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Written By Kris Wrenn – Senior Adviser
As we approach the end of the tax year it’s time to start thinking about superannuation strategies that you can use to your advantage. This first one is what I call a ‘free hit’.
Target Market – Low to Moderate income earners (income between $39,837 and $54,837)
By making a personal contribution up to $1,000 you may receive a government co-contribution up to $500. This equates to a 50% return on your money and is still one of the more effective super strategies available.
- Only personal ‘non-concessional’ contributions qualify (ie not tax-deductible)
- The maximum matching rate is 50 cents for every $1 of eligible personal super contributions
- The maximum benefit this year is $500 for a $1,000 personal contribution
- The maximum benefit applies if your income is under $39,837
- The benefit cuts out if your income is above $54,837
You will be eligible for the super co-contribution if you can answer yes to all of the following:
- You made one or more eligible personal super (non-concessional) contributions to your super account during the financial year
- You pass the two income tests described below
- Income Threshold Test – your income (including fringe benefits, and salary sacrifice, etc) is under the higher threshold of $54,837
- 10% Eligible Income test – 10% or more of your total income must come from employment-related activities, carrying on a business, or a combination of both
- Your Total Super Balance (including Pension accounts) is less than $1,600,000 at the beginning of the financial year).
- You are less than 71 years old at the end of the financial year (30/6/21)
- You did not hold a temporary visa at any time during the financial year (unless you are a New Zealand citizen or it was a prescribed visa)
- You lodge your tax return for the relevant financial year
Income Calculation – Includes
- personal super contributions
- employment and business income (net), including partnership distribution
- any reportable fringe benefits amounts
- any reportable employer super contributions (above mandatory SG)
- any other income (example – investment income)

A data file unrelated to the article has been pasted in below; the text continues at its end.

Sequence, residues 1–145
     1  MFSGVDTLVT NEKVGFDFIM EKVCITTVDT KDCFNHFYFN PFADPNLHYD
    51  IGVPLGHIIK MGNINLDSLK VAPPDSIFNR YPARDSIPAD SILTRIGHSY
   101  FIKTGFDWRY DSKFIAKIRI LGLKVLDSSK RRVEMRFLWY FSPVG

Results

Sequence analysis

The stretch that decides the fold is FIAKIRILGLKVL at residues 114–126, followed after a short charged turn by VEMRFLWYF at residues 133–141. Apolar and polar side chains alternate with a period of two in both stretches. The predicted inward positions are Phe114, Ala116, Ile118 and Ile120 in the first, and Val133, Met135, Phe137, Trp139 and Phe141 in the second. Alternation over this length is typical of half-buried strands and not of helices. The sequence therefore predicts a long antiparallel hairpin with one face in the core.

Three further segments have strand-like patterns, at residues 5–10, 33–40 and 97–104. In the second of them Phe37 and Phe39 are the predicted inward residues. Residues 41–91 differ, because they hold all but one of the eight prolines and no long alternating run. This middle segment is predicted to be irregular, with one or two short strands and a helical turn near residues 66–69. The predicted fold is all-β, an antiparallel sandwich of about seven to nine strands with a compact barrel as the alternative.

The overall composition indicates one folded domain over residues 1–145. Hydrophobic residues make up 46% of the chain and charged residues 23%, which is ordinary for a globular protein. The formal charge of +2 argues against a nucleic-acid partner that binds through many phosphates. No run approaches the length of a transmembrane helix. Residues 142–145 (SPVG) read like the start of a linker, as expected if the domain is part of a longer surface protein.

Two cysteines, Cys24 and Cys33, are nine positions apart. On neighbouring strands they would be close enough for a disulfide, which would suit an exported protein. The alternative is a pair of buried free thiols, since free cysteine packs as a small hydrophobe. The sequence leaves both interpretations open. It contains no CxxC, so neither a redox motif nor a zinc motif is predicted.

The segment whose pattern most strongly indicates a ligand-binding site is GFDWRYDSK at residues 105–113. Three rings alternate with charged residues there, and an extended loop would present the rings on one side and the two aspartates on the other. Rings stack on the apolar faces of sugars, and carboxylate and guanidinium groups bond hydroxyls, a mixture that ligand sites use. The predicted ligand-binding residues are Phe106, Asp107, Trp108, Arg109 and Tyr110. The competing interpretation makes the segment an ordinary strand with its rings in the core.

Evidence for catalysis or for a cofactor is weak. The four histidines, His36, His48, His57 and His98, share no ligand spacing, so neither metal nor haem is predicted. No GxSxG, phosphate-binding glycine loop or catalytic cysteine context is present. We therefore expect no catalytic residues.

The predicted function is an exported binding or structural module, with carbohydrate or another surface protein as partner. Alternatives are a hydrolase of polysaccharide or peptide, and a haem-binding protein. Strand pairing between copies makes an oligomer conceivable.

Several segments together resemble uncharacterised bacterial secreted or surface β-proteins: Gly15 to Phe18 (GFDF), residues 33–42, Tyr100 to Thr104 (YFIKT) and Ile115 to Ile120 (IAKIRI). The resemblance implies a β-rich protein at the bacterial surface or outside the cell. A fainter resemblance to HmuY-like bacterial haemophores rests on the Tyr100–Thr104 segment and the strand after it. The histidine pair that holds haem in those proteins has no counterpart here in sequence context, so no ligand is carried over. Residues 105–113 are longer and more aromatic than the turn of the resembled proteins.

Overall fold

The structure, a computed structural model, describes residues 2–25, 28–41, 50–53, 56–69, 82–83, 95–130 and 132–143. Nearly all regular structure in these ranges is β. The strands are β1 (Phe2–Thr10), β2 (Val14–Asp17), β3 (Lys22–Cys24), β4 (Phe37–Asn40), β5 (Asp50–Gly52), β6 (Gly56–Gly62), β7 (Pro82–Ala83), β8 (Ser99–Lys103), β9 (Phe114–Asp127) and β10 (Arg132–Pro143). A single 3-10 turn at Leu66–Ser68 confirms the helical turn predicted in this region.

How To Calculate And Maximise Your Benefit
This is made very easy for you by the following Government Website which calculates your benefit for you and how much you need to put in. Remember to include any fringe benefits and any Salary sacrificed income in your income figure as well as any other taxable income.
The amount you put in yourself as a personal non-concessional contribution needs to be double the amount of your potential co-contribution benefit.
If your income is under the lower threshold of $39,837 you can qualify for the maximum benefit of $500 co-contribution. You would need to put in double the con-contribution amount yourself (ie $1,000) as a personal contribution to gain the benefit.
If your income is between the two thresholds ($39,837 and $54,837), you may qualify for at least a partial government co-contribution. The benefit reduces from the maximum benefit of $500 by 3.33 cents for every dollar you earn over $39,837 until it cuts out at $54,837.
Example – If your income (for the year) is $42,000, your maximum benefit is $428. You would therefore need to contribute $856 to qualify for your full entitlement.
When Will You Receive The Benefit?
The ATO will calculate your entitlement once you have lodged your tax return for the tax year and make the payment to the super fund that you made your personal contribution to.
- Make sure your contribution is a personal ‘non concessional’ contribution.
- You cannot claim a tax deduction for this contribution.
Remember this when your super fund sends you a blank form offering for you to claim a deduction (sometime after 30 June). Note this to your tax agent when completing your tax return (to make sure they don’t try and claim the deduction on your behalf)
- Even if you borrowed the money from say a home loan at 3.0% to fund a contribution of $1000, the interest cost for one year would be $30 compared to a maximum potential benefit of $500. You could then pay the loan off over the next year.
- If you retired this year and your income is lower than normal or if you are now only working at more modest levels than you once did, this could also apply to you.